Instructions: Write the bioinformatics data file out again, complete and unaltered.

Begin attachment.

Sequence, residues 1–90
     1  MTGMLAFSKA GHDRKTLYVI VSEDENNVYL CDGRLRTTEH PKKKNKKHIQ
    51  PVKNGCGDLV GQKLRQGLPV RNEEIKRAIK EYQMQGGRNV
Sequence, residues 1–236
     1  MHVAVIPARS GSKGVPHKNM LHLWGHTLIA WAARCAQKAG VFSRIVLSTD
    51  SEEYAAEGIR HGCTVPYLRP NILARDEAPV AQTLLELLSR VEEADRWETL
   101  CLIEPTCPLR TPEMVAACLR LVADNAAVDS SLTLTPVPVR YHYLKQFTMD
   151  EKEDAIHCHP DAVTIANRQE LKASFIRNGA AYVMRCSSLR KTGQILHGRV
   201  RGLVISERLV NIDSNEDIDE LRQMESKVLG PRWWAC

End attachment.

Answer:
Sequence, residues 1–90
     1  MTGMLAFSKA GHDRKTLYVI VSEDENNVYL CDGRLRTTEH PKKKNKKHIQ
    51  PVKNGCGDLV GQKLRQGLPV RNEEIKRAIK EYQMQGGRNV
Sequence, residues 1–236
     1  MHVAVIPARS GSKGVPHKNM LHLWGHTLIA WAARCAQKAG VFSRIVLSTD
    51  SEEYAAEGIR HGCTVPYLRP NILARDEAPV AQTLLELLSR VEEADRWETL
   101  CLIEPTCPLR TPEMVAACLR LVADNAAVDS SLTLTPVPVR YHYLKQFTMD
   151  EKEDAIHCHP DAVTIANRQE LKASFIRNGA AYVMRCSSLR KTGQILHGRV
   201  RGLVISERLV NIDSNEDIDE LRQMESKVLG PRWWAC